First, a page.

Doctor Who: The Ninth Doctor #1
Completing the modern run of Doctors with their fourth title, Titan Comics has launched Doctor Who: The Ninth Doctor #1. This one’s a miniseries, five issues, written by Cavan Scott and drawn by Blair Shedd.
So they can include the popular companions Rose and Captain Jack, the story “Weapons of Past Destruction” is set just after the two pick up the captain in the World War II-set TV story “The Doctor Dances”. The TV episodes moved quickly past the trio, but the comic allows for more adventures with the fan-favorite characters.
Unfortunately, the emphasis on well-known characters leads to the comic’s biggest flaw: an emphasis on likeness over storytelling. The faces are faithful to Christopher Eccleston, Billie Piper, and John Barrowman, but the figures are stiff and demonstrate what I’m guessing is an over-reliance on photo reference, since sometimes the heads don’t quite match the bodies. You can see what I mean in this page:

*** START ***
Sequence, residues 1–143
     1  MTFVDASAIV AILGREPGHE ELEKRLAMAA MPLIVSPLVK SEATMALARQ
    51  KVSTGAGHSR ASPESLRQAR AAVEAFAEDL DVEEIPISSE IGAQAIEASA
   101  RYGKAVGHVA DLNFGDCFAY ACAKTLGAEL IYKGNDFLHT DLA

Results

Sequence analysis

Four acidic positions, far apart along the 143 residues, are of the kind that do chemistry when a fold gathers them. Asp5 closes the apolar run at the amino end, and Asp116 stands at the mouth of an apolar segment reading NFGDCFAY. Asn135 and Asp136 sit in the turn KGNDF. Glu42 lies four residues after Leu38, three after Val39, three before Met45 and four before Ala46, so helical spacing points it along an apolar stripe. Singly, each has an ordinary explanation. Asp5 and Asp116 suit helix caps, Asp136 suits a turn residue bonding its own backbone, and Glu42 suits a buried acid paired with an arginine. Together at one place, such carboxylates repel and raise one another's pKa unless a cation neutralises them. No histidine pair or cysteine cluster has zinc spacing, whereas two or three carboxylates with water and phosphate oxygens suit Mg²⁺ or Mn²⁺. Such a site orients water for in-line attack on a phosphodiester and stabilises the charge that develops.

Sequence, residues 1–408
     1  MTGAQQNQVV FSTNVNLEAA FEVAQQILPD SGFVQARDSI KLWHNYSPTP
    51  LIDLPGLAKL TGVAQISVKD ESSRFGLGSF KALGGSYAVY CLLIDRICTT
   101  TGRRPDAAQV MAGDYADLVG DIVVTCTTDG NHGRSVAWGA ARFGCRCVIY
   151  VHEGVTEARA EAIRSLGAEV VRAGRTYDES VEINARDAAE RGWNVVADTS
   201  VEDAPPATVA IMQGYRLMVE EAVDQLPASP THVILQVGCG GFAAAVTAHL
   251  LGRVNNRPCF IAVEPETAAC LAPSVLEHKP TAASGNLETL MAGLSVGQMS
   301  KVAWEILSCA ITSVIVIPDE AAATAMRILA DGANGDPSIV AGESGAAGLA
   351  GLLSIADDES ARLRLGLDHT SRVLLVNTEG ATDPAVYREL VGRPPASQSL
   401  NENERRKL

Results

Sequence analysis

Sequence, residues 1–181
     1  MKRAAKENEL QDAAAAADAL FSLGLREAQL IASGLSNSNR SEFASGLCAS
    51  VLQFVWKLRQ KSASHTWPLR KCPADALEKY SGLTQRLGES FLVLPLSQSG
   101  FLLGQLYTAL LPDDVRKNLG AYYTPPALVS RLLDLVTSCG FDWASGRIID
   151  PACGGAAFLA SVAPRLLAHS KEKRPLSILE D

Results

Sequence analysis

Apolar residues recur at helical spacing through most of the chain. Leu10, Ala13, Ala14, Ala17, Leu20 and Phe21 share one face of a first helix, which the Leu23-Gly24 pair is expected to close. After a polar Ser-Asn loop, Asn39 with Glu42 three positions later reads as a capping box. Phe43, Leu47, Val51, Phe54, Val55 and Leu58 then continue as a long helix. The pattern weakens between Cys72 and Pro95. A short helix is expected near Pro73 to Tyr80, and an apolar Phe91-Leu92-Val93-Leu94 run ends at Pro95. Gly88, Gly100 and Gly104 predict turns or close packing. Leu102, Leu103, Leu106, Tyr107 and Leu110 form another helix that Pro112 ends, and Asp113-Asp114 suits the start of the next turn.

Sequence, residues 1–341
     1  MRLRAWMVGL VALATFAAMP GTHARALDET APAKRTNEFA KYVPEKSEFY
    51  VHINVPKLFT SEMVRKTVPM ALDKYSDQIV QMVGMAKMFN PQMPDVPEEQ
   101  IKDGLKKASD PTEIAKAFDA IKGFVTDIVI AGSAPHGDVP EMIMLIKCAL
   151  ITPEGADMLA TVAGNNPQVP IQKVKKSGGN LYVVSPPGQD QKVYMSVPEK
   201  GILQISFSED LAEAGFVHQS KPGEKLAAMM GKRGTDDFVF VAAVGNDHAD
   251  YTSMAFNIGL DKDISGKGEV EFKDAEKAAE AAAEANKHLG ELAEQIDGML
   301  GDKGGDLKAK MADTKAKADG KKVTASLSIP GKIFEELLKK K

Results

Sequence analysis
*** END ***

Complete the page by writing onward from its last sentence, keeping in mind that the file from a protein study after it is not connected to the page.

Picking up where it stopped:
Typical of other Doctor Who stories, the adventure starts when the Doctor tries to take his companions to a particular planet only to find space rubble. They find themselves in the middle of a war between two various alien races, neither of which are very distinguishable.
The character voices aren’t particularly distinctive, and the events move slowly. Since comic readers are most likely aware of a number of Doctor Who stories already, I’d rather see less leisurely pacing. I also found an in-story cliffhanger, with Rose almost sucked into space, overly familiar of both her second episode and the end of her time with the Tenth Doctor. Instead of being evocative or pleasantly reminiscent, it felt to me like a shortcut, like someone trying to make his story seem more important than it is by calling back to better stories.
Although much anticipated, The Ninth Doctor is easily the worst of the Doctor Who comics. It’s not fun to read, and it doesn’t feel right. Typical of comic publishers over the past couple of years, there are also a ridiculous number of variant covers, with four main and 25 store versions, as shown here: